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A Next Step For Personalized Medicine? Vendor Brings Genomics To Ambulatory EHR

Posted on October 8, 2018 I Written By

Anne Zieger is veteran healthcare consultant and analyst with 20 years of industry experience. Zieger formerly served as editor-in-chief of FierceHealthcare.com and her commentaries have appeared in dozens of international business publications, including Forbes, Business Week and Information Week. She has also contributed content to hundreds of healthcare and health IT organizations, including several Fortune 500 companies. Contact her at @ziegerhealth on Twitter or visit her site at Zieger Healthcare.

Most physicians have some sense of the value personalized medicine can bring to their practice, but I doubt that many have ready access to the tools they’d need to harness its power.

In an effort to close that gap – and of course, to make its platform irreplaceable – a vendor serving medical practices has struck a deal giving physicians the ability to order genetic tests and leverage them to improve care.

The vendor, DrChrono, offers a suite of electronic systems for physicians, including an EHR which can be customized by bundling in affiliated apps. Its new partner is Genomind, a personalized medicine platform offering genetic testing for psychiatry practices.

Physicians using DrChrono will have access to two Genomind test kits, along with some analytics tools they can use to make use of the testing data.

One of the tests is Mindful DNA Professional, a genetic test used by clinicians to help them guide wellness decisions. The test targets aspects of a patient’s genetic details which could have an impact on overall health, such as variants suggesting that they could have sleep issues or a predisposition to anxiety, depression or impaired cognition.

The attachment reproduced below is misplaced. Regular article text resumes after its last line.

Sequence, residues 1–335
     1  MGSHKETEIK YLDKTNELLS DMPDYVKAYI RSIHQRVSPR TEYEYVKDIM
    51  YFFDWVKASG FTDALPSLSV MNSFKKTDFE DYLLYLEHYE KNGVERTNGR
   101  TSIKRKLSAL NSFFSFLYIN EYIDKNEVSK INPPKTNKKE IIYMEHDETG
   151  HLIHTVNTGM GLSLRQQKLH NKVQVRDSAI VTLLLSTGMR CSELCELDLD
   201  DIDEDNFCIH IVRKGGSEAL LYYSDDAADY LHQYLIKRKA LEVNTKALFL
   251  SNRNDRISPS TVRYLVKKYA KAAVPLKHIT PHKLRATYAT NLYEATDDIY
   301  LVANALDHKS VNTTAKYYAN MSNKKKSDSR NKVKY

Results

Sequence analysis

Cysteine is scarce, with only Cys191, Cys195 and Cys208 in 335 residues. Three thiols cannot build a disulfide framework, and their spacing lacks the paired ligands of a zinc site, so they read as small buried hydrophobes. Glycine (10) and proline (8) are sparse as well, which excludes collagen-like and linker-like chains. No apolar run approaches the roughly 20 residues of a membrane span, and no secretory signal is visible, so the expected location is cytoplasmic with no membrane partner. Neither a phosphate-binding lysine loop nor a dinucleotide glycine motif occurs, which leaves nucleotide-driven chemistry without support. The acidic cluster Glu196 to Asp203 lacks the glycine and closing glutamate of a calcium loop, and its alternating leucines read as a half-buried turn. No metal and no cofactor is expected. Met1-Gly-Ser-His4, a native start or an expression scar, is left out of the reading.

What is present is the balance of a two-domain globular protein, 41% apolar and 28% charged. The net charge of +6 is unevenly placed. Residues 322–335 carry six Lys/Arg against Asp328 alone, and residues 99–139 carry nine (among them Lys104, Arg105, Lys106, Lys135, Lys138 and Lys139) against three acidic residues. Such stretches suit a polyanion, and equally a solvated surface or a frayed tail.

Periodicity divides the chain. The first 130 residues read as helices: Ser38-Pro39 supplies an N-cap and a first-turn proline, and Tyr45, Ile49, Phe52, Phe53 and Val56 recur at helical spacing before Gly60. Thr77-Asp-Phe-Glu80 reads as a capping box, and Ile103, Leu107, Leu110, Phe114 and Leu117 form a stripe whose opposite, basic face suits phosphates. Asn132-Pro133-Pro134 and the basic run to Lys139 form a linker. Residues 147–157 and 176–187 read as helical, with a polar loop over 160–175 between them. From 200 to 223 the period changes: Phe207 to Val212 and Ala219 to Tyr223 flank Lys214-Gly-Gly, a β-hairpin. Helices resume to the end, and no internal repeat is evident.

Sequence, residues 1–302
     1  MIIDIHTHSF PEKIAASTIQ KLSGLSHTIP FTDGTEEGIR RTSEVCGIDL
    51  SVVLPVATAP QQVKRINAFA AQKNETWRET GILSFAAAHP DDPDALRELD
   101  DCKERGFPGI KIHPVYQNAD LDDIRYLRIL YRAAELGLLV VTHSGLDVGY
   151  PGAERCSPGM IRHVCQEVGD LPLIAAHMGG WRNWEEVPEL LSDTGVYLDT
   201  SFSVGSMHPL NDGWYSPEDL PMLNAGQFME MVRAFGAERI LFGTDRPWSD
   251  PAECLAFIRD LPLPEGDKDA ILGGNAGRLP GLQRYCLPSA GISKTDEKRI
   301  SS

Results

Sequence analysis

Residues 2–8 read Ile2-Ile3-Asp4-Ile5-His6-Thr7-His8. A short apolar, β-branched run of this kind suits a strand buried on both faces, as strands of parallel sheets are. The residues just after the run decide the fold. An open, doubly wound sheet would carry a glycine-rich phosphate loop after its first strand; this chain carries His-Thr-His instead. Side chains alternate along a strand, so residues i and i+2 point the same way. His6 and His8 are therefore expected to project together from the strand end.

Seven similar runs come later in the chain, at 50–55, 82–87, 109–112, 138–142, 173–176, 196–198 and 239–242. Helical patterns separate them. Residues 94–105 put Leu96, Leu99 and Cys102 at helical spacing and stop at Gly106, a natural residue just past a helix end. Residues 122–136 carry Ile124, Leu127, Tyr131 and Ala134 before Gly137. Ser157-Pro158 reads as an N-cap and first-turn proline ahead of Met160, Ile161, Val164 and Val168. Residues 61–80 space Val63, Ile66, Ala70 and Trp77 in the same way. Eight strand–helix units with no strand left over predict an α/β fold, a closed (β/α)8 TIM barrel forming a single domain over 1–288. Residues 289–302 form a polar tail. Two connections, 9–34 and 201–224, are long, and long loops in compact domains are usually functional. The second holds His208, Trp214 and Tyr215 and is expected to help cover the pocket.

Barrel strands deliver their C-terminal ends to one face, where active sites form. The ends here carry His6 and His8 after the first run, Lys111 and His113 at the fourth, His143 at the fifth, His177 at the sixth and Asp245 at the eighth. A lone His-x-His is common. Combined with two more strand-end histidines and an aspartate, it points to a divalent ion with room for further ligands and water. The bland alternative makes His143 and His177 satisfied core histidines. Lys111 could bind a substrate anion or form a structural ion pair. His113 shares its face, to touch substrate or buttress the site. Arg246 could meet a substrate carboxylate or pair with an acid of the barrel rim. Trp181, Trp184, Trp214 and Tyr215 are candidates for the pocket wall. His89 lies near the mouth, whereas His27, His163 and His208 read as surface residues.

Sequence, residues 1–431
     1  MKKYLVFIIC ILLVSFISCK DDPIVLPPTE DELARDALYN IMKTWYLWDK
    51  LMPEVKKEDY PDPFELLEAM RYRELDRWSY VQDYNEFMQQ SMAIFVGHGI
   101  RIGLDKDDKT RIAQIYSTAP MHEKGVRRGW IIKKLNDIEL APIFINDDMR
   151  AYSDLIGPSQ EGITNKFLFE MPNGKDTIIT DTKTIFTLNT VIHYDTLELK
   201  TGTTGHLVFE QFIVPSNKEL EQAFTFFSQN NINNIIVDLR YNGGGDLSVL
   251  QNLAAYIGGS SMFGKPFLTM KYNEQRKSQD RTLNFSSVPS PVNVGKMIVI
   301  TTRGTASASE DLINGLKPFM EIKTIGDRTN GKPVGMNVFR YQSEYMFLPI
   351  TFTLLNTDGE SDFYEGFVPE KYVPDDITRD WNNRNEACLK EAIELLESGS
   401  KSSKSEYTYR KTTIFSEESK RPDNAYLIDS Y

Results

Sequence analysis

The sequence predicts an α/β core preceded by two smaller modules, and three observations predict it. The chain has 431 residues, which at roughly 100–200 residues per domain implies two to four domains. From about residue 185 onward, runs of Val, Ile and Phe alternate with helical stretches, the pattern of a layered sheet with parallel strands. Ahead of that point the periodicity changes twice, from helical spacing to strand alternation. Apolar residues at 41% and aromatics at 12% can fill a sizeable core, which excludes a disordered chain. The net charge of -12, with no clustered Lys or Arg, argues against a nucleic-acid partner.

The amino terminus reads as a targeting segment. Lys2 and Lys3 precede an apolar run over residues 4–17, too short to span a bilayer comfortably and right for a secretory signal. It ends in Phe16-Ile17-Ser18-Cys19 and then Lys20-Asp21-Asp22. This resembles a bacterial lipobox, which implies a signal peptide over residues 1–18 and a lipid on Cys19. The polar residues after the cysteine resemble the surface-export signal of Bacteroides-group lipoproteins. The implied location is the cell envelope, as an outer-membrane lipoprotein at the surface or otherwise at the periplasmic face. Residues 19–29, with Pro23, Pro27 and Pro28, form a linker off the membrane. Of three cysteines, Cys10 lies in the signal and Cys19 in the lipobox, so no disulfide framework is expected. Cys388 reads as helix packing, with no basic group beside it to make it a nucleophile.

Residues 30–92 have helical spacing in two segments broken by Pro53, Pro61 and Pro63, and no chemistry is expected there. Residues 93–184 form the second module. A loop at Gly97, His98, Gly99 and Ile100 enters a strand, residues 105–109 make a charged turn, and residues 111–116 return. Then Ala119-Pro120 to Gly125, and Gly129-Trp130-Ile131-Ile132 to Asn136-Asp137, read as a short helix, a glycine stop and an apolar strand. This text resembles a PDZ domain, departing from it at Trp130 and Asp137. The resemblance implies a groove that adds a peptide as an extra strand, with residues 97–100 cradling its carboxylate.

DrChrono users will also have access to the Genecept Assay, the results of which can guide the treatment of psychiatric conditions. Once test results become available on the Genomind system, doctors can use its gene-drug-environmental interaction tool, the Genomind Drug Interaction Guide, to inform their treatment decisions. With the help of the Guide, clinicians can analyze the patient’s current medication regimen and flag gene-drug interactions.

An interesting side note to all of this is that the final test results from Genomind will be stored in the DrChrono information library for the patient and become part of the patient’s medical record.

Looked at one way, sharing the Genomind test results seems almost like a no-brainer in a world where casual genetic testing (think 23andMe) is becoming the norm. On the other, though, I don’t want to gloss over the fact that using genetic data to search for relatives is one thing and putting it into your personal medical record is quite another. It suggests that of consumer-driven demand for precision treatment is maturing, and that Genomind is on the right side of this trend.